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Tired Barns

Tuesday, February 5, 2008

I have borrowed from Robert Frost's "Birches" for the first two and a half lines. The rest is straight out of Whipple. I am moved by the primitive, elegiac beauty of tired barns. No one's making them any more, and I hope not to see the day they all have fallen down.

When I see barns lean to left and right
Along the lines of straighter, cleaner sheds
I like to think the years have granted them perspective
of a kind denied the newly-built.
A point of view, born of knowing
the things new sheds can never comprehend.
The bleat of a lamb, newly born
Left across the field by its foolish dam
The siding strains, calling back.
Afterbirth and greasepot
Rope, sweet hay, pigeon feathers
Carcass hanging, gleaming corn and chaffy oats.
What is kept in the galvanized shed?
A car, a lawnmower, cans and bottles
Tools and tires.

The wood barn leans over, listening
For hoofbeats, the cluck and slap of reins
Gentle belch of cowcud, new chicken peep
The rolling sigh of blue doves.


Perfectly captured essence of old barn, Jules!

for a moment there you had me too leaning over, listening for hoofbeats and the peep of chickens....

"listening for hoofbeats" This brought tears to my eyes. My mom would have been 89 yesterday and I remember her retelling the story of when she was around 5 years old in northern Wisconsin, running to her dad in the field where he was plowing with two large draft horses, to tell him supper was ready. Her dad would unhitch the horses, put my mom up on one bareback and the gentle giants would race back to the barn (as it was their supper time too!)

Thanks for the memories.

I grew up in southern Ohio and have always enjoyed the character and soul of those old barns. Thanks for the flashback.

There's nothing new that compares with the old of barns.
Ours is in terrible conditin outwardly, but the structure stands firm. The heavy timbers and logs that are her core. How they were ever erected is beyond me.
Must've been the hands of many.

They give such richness to the countryside. Full of more than scraps.

"Birches" has always been my favorite poem but you gave Frost a run for his money. This needs to be in a book.

Great thoughts on barns, Julie! Old barns entertain me with their scenery while I'm on the highways, especially the oldest, vacant ones, once painted red.

First time poster... long time reader.

My youth was spent trying to sneak into my Grandfather's barn. We were not allowed in the barn because of the snakes but to play in the hay bales was always a temptation. The stories that old barn could tell. A storm with straight line winds moved the barn 3 ft years ago and it was dismantled for the wood (it actually faired better then the houses around it) I have pieces of the barn I salvaged.. the pieces old and weathered but still holds memories and beauty to my eye.

Beautiful pictures and words.. thank you for the trip down memory lane.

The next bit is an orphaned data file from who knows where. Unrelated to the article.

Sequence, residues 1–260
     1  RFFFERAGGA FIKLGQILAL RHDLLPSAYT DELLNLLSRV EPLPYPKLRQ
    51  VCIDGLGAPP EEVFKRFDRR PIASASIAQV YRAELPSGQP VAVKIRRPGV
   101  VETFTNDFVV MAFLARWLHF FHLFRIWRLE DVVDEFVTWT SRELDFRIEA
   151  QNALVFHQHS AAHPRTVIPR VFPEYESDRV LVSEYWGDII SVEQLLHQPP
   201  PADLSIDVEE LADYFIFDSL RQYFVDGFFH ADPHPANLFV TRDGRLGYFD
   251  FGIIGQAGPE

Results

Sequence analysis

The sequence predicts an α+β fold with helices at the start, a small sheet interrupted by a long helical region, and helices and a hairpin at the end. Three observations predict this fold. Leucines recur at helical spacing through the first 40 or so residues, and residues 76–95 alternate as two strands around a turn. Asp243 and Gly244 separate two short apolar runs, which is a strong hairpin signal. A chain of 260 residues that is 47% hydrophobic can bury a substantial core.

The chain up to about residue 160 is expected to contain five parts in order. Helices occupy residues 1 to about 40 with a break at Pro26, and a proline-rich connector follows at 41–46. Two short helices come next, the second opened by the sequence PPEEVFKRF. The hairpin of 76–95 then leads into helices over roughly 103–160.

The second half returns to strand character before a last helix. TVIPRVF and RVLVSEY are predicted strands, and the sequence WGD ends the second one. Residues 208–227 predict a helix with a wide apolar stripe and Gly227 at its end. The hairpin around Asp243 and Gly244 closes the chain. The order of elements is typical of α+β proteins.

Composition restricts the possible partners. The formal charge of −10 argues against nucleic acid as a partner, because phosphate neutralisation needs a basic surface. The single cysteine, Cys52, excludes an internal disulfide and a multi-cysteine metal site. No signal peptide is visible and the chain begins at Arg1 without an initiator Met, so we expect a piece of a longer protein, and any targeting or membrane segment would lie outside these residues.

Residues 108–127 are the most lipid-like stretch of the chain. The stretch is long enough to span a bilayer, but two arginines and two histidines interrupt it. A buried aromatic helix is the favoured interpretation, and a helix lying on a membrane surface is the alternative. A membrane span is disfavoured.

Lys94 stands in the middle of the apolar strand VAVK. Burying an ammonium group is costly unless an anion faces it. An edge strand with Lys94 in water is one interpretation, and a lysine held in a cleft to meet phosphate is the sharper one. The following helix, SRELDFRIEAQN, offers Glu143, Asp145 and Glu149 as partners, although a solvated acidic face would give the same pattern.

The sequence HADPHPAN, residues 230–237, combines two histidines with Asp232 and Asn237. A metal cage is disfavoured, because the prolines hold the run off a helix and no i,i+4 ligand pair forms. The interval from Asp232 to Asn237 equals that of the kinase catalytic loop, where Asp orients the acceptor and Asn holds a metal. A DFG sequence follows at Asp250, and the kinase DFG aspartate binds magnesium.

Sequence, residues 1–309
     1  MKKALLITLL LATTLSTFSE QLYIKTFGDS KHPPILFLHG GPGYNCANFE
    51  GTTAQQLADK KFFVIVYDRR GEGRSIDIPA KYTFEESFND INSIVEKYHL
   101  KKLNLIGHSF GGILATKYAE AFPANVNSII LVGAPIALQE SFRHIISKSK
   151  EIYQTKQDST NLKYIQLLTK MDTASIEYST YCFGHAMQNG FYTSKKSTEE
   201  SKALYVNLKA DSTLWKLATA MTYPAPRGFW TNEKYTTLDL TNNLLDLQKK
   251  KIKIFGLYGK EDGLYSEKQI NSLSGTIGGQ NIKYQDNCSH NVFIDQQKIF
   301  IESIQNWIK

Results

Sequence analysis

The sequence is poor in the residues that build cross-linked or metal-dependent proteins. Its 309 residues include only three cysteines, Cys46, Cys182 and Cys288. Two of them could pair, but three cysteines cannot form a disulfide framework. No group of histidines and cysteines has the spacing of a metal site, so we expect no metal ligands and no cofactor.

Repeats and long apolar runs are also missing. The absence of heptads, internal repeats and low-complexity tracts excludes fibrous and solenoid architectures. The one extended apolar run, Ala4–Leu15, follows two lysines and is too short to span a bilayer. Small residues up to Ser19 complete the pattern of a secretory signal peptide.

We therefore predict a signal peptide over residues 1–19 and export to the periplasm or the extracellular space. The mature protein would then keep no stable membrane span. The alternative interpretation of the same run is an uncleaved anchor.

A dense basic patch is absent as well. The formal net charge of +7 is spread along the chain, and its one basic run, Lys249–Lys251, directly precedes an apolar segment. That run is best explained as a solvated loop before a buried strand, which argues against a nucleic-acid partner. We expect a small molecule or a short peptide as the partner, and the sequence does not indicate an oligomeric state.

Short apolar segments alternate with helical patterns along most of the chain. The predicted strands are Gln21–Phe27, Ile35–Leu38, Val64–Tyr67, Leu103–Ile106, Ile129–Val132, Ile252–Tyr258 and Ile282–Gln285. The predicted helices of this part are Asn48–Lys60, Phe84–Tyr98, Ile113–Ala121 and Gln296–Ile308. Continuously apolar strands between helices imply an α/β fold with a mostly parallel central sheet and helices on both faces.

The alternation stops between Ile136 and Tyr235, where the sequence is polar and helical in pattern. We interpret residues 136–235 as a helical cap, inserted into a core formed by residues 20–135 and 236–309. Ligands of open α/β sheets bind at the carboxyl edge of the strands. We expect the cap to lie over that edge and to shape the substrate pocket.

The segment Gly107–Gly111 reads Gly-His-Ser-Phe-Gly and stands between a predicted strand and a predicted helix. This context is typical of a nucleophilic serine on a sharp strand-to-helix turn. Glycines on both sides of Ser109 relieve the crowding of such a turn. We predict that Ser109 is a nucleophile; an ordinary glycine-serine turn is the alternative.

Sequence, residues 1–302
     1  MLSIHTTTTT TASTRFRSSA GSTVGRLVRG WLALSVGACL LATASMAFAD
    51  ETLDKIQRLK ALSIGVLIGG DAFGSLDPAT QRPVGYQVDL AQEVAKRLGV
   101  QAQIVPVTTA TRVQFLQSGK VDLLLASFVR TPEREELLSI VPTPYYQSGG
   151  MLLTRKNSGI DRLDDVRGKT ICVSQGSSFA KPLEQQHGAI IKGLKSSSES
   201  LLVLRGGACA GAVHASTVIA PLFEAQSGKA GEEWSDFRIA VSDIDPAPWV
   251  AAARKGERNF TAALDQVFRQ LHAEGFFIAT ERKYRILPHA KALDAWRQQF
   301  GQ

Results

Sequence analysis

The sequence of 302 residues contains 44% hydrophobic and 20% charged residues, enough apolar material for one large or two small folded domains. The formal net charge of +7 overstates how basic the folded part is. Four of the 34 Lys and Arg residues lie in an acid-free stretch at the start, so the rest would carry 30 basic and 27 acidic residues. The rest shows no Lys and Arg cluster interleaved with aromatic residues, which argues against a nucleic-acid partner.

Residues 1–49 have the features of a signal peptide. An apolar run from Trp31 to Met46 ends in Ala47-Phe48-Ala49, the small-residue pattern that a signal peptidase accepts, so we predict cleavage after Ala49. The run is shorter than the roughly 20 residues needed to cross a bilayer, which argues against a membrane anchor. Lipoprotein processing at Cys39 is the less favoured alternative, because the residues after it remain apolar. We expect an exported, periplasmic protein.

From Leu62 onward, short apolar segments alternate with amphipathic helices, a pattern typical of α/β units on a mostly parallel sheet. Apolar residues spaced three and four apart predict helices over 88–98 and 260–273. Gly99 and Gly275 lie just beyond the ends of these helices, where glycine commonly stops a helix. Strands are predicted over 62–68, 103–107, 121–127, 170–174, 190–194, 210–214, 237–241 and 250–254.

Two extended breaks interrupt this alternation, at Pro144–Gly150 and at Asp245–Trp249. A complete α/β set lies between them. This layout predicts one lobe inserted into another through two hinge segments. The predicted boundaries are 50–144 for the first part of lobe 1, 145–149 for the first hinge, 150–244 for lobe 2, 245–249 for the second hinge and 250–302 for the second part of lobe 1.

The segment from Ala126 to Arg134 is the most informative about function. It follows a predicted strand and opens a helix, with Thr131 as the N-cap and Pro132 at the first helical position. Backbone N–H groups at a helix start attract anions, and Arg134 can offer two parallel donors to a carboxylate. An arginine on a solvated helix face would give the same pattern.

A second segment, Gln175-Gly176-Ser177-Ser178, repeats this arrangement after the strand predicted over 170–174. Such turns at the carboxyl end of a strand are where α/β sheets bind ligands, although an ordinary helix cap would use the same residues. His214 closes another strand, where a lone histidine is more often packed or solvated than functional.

Driving through Kentucky this summer we saw many beautiful, simple (but very large!)wooden slat barns. Most interesting to me was that they were almost all black. It was just stunning against the blue sky and green fields. If anyone knows the background of this little bit of vernacular architecture, I'd love to hear about it!

I'm thinking those long black barns would be tobacco drying barns, LOG. They hang up the entire plant from the ceiling in rows and the air circulates through the slats. Perhaps the black color radiates heat and keeps the tobacco relatively cool while it dries. They are beautiful, and I would bet they provide refuge for a lot of animals and birds, too, with their open structure.

I finally caught the stomach virus and that barn poem is about all the good that came out of me yesterday. Hence the midnight posting...Now the creeks have flooded the roads so the kids will be out of school for the rest of the week. Ahh, country life. Ahh, motherhood.

I grew up in southwestern Ohio and my great grandparents and family had a wonderful barn along SR 222 outside of Batavia. On the side of that barn was painted the old Mailpouch Tobacco ad. I remember playing in that barn as a small child and have often wondered whatever happened to it. Thank you for the walk back in time. Hope you are feeling better soon.

You might be on to something, Architecture Chimp!

This is such a great post Julie. I just hate these pole barns that are now constructed. Not a one of them will be saved by someone and made into a home as is done with lots of old barns that have character.

This too reminds me of being in an old barn at my cousins where we would play in the hay or take afternoon naps while "listening" to the rain fall.

I hope you are feeling better by now. That flu is awful.

There is a watercolor of an old barn on our bedroom wall that my husband did 40 years ago. It is of an old barn on their farm in the Champlain Valley of NY, we made a frame of a piece of siding from same barn. We got in huge trouble with my father-in-law for pirating it. Necessitated a trip to lumber yard for replacement piece of new wood. The new piece still hasn't yet weathered out as beautifully. Hadn't thought about that episode in years.
Caroline in the Black Hills of SD

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